Congressman Luis Gutierrez (D-IL) has been the single loudest voice criticizing President Obama for not issuing his promised amnesty for millions of illegal immigrants. But Gutierrez is also making himself the main man on immigration for the media, and some think he may be doing so as a prelude to running for president himself.
Previous to the midterm elections, Gutierrez was pushing as hard as he could to force Obama to announce his amnesty before the November elections. In March, for instance, Gutierrez noted that the “pleas from the community” got through to Obama, that the President heard them, and was sure to issue a mass amnesty earlier this year.
The congressman also tried to clear the way for Obama’s announcement. At one point, in September, Gutierrez warned Democrats squeamish on amnesty to “step aside” and let Obama have his head on amnesty for illegals.
Gutierrez went on like that for months, appearing on every TV show and speaking to every media outlet that would have him, saying that Obama promised him that he would issue that much sought-after amnesty. But, thus far at least, all the congressman’s efforts have been for nothing.
For the man who told Newsweek that his “only loyalty is to the immigrant community,” Obama’s breach of promise is inexcusable.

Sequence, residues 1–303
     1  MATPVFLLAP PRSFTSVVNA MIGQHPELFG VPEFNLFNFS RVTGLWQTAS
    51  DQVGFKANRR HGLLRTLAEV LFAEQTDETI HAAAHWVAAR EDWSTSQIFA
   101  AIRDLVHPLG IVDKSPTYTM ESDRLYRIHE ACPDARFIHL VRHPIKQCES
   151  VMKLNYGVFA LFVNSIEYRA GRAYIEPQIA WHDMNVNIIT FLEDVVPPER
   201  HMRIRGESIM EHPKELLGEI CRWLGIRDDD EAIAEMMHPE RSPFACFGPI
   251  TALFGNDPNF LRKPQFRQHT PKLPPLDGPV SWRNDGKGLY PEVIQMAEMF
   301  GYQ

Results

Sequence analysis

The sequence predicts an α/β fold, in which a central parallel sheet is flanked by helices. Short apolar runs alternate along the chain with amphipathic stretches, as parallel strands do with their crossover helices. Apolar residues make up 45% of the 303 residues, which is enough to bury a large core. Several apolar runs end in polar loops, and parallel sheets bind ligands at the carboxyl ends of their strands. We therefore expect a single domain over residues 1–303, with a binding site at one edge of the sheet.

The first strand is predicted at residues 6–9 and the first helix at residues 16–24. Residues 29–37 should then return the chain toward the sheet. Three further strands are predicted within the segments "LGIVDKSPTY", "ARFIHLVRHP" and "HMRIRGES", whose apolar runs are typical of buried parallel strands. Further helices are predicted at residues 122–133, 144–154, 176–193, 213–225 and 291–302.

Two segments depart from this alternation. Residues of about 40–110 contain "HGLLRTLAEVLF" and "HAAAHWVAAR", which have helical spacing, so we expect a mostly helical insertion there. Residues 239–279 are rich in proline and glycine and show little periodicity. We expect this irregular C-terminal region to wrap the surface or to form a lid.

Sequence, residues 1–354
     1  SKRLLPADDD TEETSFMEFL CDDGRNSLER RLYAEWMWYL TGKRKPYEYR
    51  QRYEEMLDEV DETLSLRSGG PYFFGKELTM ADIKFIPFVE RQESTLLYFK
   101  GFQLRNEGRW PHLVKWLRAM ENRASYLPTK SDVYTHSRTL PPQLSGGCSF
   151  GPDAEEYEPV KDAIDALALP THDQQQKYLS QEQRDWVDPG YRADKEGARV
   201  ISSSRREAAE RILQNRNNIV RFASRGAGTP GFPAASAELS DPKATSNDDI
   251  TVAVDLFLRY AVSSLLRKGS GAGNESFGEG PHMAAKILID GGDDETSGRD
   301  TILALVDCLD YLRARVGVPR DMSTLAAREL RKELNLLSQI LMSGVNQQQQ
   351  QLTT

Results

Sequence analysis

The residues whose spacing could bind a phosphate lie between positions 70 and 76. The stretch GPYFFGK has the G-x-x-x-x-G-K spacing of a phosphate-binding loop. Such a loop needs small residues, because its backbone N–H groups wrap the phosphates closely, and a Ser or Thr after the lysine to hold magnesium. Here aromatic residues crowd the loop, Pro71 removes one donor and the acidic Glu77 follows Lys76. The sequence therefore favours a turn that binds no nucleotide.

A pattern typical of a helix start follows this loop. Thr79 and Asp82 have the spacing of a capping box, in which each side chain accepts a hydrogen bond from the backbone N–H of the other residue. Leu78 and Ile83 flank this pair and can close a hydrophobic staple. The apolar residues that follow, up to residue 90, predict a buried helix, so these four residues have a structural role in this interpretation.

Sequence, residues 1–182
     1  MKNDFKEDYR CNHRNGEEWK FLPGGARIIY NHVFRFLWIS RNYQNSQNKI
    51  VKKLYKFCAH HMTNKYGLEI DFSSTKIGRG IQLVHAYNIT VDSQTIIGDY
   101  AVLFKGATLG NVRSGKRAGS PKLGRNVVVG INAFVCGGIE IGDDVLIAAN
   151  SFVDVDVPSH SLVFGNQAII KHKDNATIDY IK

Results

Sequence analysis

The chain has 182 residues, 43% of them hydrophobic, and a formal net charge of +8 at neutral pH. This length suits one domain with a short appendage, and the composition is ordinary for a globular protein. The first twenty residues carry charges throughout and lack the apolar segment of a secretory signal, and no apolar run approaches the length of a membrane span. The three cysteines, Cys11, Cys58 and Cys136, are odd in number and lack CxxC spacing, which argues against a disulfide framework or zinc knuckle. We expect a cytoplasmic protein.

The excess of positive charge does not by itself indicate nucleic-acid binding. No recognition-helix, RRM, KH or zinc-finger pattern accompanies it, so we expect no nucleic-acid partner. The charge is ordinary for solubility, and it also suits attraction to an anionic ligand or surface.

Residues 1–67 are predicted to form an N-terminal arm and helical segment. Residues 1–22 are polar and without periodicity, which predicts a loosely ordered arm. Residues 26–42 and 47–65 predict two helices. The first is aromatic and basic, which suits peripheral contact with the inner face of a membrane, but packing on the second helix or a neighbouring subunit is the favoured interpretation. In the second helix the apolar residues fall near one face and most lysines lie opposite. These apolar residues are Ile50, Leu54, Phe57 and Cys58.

Before all the votes were even counted and the winner of every office determined, Gutierrez was railing against Obama for shying from his promised amnesty announcement. Gutierrez criticized Obama and maintained that waiting until after the elections got Obama nothing at the polls.
The man that many in The Windy City call “Mexico’s Congressman in Chicago” also tore into Obama adviser David Axelrod for his efforts to make Obama “shelve” his amnesty announcements until after the election.
But coinciding with all his efforts to push Obama on amnesty have been rumors that Gutierrez himself is eyeing a 2016 run for the White House. And now, even as the midterms are fading in the rearview mirror, rumors persist that Gutierrez is considering a run for president.
Despite saying in the past that he is not running, this month, Gutierrez changed his tune and told Crain’s Chicago that he “has not ruled out the possibility of running” for the White House.
The question remains, can a man who has said that his “only loyalty” is to foreigners who are here illegally gain enough votes from actual, legal citizens to become president of the United States?
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